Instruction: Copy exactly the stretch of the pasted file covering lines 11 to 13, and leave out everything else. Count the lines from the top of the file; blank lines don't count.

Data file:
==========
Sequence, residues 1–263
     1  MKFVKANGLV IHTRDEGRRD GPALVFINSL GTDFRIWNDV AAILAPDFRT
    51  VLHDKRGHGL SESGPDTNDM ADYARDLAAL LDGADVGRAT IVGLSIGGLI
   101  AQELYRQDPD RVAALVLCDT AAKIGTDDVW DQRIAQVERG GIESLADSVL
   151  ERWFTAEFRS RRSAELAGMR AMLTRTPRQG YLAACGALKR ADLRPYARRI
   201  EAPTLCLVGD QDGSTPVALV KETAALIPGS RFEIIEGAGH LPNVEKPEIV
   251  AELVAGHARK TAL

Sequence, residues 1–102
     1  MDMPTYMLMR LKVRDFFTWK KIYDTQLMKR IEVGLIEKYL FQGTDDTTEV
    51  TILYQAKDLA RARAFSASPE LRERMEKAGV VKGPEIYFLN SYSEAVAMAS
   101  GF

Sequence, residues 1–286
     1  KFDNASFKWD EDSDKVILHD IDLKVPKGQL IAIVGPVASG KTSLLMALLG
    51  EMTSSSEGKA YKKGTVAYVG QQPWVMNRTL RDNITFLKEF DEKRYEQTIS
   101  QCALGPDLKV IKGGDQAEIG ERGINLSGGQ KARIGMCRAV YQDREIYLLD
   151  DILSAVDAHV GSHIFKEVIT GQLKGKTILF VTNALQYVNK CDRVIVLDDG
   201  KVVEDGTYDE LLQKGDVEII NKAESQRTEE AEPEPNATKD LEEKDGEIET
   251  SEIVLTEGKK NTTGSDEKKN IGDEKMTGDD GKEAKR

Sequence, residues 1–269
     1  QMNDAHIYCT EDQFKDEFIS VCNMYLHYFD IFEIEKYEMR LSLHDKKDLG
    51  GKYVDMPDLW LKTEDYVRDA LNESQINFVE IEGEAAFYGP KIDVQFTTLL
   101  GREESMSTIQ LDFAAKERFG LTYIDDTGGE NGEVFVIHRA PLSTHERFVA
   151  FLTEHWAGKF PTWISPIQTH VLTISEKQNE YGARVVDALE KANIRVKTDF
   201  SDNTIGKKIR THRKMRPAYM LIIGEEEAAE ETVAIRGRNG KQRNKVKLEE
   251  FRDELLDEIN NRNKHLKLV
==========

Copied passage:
   101  GF

Sequence, residues 1–286
     1  KFDNASFKWD EDSDKVILHD IDLKVPKGQL IAIVGPVASG KTSLLMALLG